A second important change came in 2016 when the General Assembly amended Missouri’s fence law to ease the standard of liability imposed on livestock owners for damages caused by escaped animals. Prior to the 2016 change, Missouri’s longstanding rule held livestock owners strictly liable for any injuries caused by animals that crossed interior division fences.  In practice, this meant that livestock owners were responsible for damages caused by their stock regardless of the circumstances under which the animal escaped, including cases in which fences were knocked down by unforeseen acts of God or even by the intentional acts of third parties. After the 2016 amendment, an injured party must now show that a livestock owner was negligent in maintaining control over their animal before they may recover for an injury caused by the animal.

Practical Guidance

While these changes in the law are welcome for livestock producers, they do not eliminate all potential liability for escaped animals, and it is still important for ranchers to exercise diligence in maintaining fences and controlling animals.  Fortunately, minimizing your liability doesn’t have to be a complicated process.  Consider the following steps to reduce your exposure to liability for escaped animals:

  1. Check your fences regularly.  It’s a simple step that goes a long way towards preventing big problems with your neighbors.
  2. Communicate with your neighbors and make sure you are on good terms with them. Make sure they know you have animals and give them your contact information so that they can let you know if you have escapees.  If you decide on an agreement for repair and maintenance of fences that is different from the general fence law (or local option law, depending on your county), you must get this agreement in writing and record it in the county where the real estate is located.  You should consult an attorney to be sure the agreement is properly drafted and enforceable.  
  3. Get to know your local law enforcement officers. The local sheriff’s department often gets the first call when an animal escapes, having a relationship in place can help smooth the process and ensure you are notified quickly.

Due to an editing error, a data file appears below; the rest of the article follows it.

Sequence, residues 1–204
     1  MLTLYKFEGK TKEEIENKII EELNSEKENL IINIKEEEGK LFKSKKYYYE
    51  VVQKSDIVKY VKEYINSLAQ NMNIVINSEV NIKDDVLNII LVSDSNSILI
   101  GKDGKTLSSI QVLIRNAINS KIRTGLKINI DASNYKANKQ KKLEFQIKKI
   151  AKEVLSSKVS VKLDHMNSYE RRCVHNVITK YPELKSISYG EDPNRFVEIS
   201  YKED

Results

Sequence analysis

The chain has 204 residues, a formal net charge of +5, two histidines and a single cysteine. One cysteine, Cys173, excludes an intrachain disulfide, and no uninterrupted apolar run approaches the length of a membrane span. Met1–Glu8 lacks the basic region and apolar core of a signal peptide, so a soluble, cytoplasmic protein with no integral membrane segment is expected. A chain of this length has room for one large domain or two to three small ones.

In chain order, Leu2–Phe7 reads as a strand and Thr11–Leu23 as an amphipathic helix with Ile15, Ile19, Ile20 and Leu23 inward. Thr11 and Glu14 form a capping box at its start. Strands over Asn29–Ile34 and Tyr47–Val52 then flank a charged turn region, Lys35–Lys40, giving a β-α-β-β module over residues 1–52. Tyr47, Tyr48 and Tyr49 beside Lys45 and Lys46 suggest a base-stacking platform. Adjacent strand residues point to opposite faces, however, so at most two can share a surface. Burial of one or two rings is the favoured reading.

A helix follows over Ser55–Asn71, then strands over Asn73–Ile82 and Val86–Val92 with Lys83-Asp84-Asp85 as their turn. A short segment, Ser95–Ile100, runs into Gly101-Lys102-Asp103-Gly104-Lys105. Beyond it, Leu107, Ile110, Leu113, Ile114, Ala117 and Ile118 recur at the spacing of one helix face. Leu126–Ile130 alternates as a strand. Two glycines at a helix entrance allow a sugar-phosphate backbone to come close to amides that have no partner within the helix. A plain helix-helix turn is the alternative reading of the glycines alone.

4. Carry adequate liability insurance There are no guarantees when it comes to animal behavior, and even if you are diligent, there may be escapes and accidents.  Adequate insurance can help cover the unforeseen things that happen to even the most careful rancher.
  5. Be ready to act. Make a plan to retrieve animals that escape before you have an emergency, and let your family and employees know their role in the case of an escape.

With a little bit of preparation, you can minimize the risk of liability for damages caused by your animals. Investing the time now to establish relationships with your neighbors and strengthen your fence lines will go a long way toward protecting your farm for the future.

Written by Connie S. Haden, attorney-at-law at The Law Firm of Haden & Haden. Connie practices in the areas of estate and business planning, trust and probate administration, elder law and tax-exempt and non-profit organizations. Prior to starting her own firm, she practiced with Blackwell Sanders Peper Martin LLP, specializing in complex estate, business, gift and tax planning issues. These views do not necessarily represent those of FCS Financial.

Don’t Miss any updates or news Get Updates

Supporting the future of farming

Over $1.5 million given to local 4-H and FFA organizations

4-H Logo FFA Logo AFA Logo

© 2008-2019 FCS Financial. All Rights Reserved.

Privacy Policy | Sitemap | Whistleblower

Design and Development by Imagemakers

NMLS #: 761836

Equal Housing Lender